So economics can explain many things but the present-day system is not helping democracy, unfortunately. Relative to other totalitarian countries like Russia or China, the democratic world has been very effective to make income grow and democracy to be sustained. However, right now democracy is in jeopardy because capitalism, or a competitive system doesn’t help this dilemma of income inequality. So this is the situation. Economics, it’s not economic’s fault, but economics spends so much time on efficiency, efficiency in stock markets, etc, and not considering the equity problem. And the next challenge to economics is to bring in an equity program or fairness program more systematically.

5. As we live in an age of economics and economists – in which economic developments feature prominently in our lives and economists have major influence over a wide range of policy and people – should economists be held accountable for their advice?

Right now I think, even though I have strong enough positions, if I say macroeconomics must be combined with some kind of distribution considerations.

Tony Atkinson tried to use our economic quantitative tool and analytical tools to income distribution to see under what circumstances certain macroeconomic policy would affect certain types of people. Also the present economics states, macroeconomics is one thing and microeconomics is another thing in order to have consistency. And the resulting income distribution that could be very skewed or very cruel to a certain type of people. We should then use another income distribution device to correct this, but I don’t know after this coronavirus crisis that distributional things should be treated as a sort of addendum to the systems.

Anyway, climate, technology et cetera are important and economics can help certain parts of it. But of course the major question should be solved by other sciences as well, and we should collaborate.

6. Does economics explain Capitalism? How would you define Capitalism?

Some economic system based on private property and market mechanisms, and individual incentives. And individual incentives are very, very important. So I’m not very optimistic about the future of China. If you say suppress some kind of individual incentives, but anyway that’s outside the problem we are with.

So that system is good but it is creating the enormous inequalities in the world. And I thought capitalism will sustain individual freedom, but income disparity is so acute they may give grounds to create undemocratic power or even neo-Nazi system.

Marx wanted to explain capitalism but economics is interested in goods and welfare, it doesn’t explain political or ideological systems and so on. In that sense maybe economics is strongly related to capitalism but it doesn’t explain capitalism.

7. No human system to date has so far been able to endure indefinitely - not ancient Egypt or Rome, not Feudal China or Europe, not the USSR. What about global Capitalism: can it survive in its current form?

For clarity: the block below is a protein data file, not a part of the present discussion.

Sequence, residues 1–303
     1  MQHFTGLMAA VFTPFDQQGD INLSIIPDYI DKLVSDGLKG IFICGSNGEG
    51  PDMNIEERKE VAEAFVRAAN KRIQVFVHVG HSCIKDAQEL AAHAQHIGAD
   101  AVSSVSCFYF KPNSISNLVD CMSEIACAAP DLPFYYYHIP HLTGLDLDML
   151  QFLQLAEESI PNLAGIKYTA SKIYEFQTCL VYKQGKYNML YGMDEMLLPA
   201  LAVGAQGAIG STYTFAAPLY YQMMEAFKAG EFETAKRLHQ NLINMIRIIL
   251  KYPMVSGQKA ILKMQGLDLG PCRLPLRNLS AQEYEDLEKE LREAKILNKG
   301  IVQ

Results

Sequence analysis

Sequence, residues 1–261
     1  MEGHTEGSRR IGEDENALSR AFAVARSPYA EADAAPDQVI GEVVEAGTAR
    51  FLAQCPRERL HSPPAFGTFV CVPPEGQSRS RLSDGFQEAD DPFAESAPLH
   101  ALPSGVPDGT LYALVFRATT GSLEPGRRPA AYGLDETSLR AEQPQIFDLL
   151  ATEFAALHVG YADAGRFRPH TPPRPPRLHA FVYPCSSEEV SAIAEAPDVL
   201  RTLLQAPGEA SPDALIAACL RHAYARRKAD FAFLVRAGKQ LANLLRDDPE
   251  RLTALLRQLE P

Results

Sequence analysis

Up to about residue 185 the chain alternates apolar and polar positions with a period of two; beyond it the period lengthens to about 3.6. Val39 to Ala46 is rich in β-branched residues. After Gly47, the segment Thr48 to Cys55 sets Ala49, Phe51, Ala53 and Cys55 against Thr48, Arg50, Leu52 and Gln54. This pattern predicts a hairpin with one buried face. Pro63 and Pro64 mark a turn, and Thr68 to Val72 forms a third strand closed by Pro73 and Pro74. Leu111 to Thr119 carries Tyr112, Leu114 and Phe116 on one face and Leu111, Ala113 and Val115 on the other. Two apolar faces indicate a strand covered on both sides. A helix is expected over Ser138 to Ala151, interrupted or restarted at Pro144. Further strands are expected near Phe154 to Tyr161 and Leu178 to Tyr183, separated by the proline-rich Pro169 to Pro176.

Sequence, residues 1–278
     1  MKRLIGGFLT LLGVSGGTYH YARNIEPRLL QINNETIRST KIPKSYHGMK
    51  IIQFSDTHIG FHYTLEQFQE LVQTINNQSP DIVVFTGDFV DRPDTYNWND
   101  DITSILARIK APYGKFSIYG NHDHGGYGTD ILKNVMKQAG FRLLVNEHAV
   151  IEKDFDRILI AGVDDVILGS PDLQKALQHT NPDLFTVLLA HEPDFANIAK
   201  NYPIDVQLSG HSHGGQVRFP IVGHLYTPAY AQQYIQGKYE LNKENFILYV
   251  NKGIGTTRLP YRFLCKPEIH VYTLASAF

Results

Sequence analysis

I am trained in neoclassical or analytic economics basically, so I’m not very good at forecasting. I cannot make much fortune by investing in the stock market well, even though I am interested in the mechanics of the stock market and the market system. So I cannot say. But China has at least one very good advantage because of the mass of its people and trade. Even though the system is autocratic or sometimes undemocratic, et cetera.

8. Is Capitalism, or whatever we should call the current system, the best one to serve the needs of humanity, or can we imagine another one?

I thought capitalism with some progressive ideas of social justice will make the democratic-world countries to continue for some time. But recent occurrences in the political system in the United States or some parts of Europe makes me feel that I cannot be so optimistic.

I am not optimistic, I said, because of the possibility of neo-fascist regimes in Europe or in the United States. Fortunately in Canada and in Japan it’s not so serious, we don’t observe it. So the world may not be made to be this optimistic, that everything will end well. There are many now-serious problems in the world, I think.

About Koichi Hamada

Koichi Hamada (浜田 宏一, Hamada Kōichi, born 8 January 1936 in Tokyo) is the Tuntex Professor Emeritus of Economics at Yale University, where he specializes in the Japanese economy and international economics. Hamada also serves as economic adviser to Japan’s Prime Minister Shinzo Abe and is credited as one of the key architects of Abenomics, economic policies based upon “three arrows” of monetary easing, fiscal stimulus and structural reform. From January 2001 to July 2002, Hamada served as the first president of the Economic and Social Research Institute of the Cabinet Office of the Japanese Government. At one time Hamada was also a contender to head the WTO. He passed the National Law Bar Examination (Shihoshiken) of Japan in 1957, L.L.B. in 1958 from the University of Tokyo, his B.A. and M.A. in Economics at the University of Tokyo, 1960 and 1962 respectively, his M.A.and Ph.D. in Economics from Yale University in 1964 and 1965 respectively. His fields of interest are Labor economics, Macroeconomics, Applied Econometrics, School choice, The Black-White wealth gap, Wage determination, Economic links among relatives, Immigration, and Changes in labor force quality. His specialized fields of interest are Game Theoretic Approach to International Policy Coordination, Microfoundation of International Capital Movements, Positive Analysis of the Emergence of International Economic Order, Effects of a Free Trade Area and Law and Economics in Japan. He writes a monthly syndicated column at Project Syndicate.